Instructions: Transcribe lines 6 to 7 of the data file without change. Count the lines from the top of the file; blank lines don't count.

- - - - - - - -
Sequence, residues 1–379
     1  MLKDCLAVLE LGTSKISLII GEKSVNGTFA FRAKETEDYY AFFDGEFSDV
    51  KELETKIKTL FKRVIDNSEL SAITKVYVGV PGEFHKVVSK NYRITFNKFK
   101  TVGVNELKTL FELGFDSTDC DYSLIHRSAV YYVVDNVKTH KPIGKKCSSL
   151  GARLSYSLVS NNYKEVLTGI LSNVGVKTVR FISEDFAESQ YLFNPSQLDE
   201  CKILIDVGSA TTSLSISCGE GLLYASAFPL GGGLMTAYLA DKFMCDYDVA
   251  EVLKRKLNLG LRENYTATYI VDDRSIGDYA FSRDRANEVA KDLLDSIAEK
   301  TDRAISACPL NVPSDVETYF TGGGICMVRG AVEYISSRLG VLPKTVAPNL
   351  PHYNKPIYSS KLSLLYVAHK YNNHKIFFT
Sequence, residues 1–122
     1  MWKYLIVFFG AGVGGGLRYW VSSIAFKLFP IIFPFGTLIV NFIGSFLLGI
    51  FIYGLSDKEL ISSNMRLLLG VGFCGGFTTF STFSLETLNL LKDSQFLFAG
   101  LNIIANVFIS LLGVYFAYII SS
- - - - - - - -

   201  CKILIDVGSA TTSLSISCGE GLLYASAFPL GGGLMTAYLA DKFMCDYDVA
   251  EVLKRKLNLG LRENYTATYI VDDRSIGDYA FSRDRANEVA KDLLDSIAEK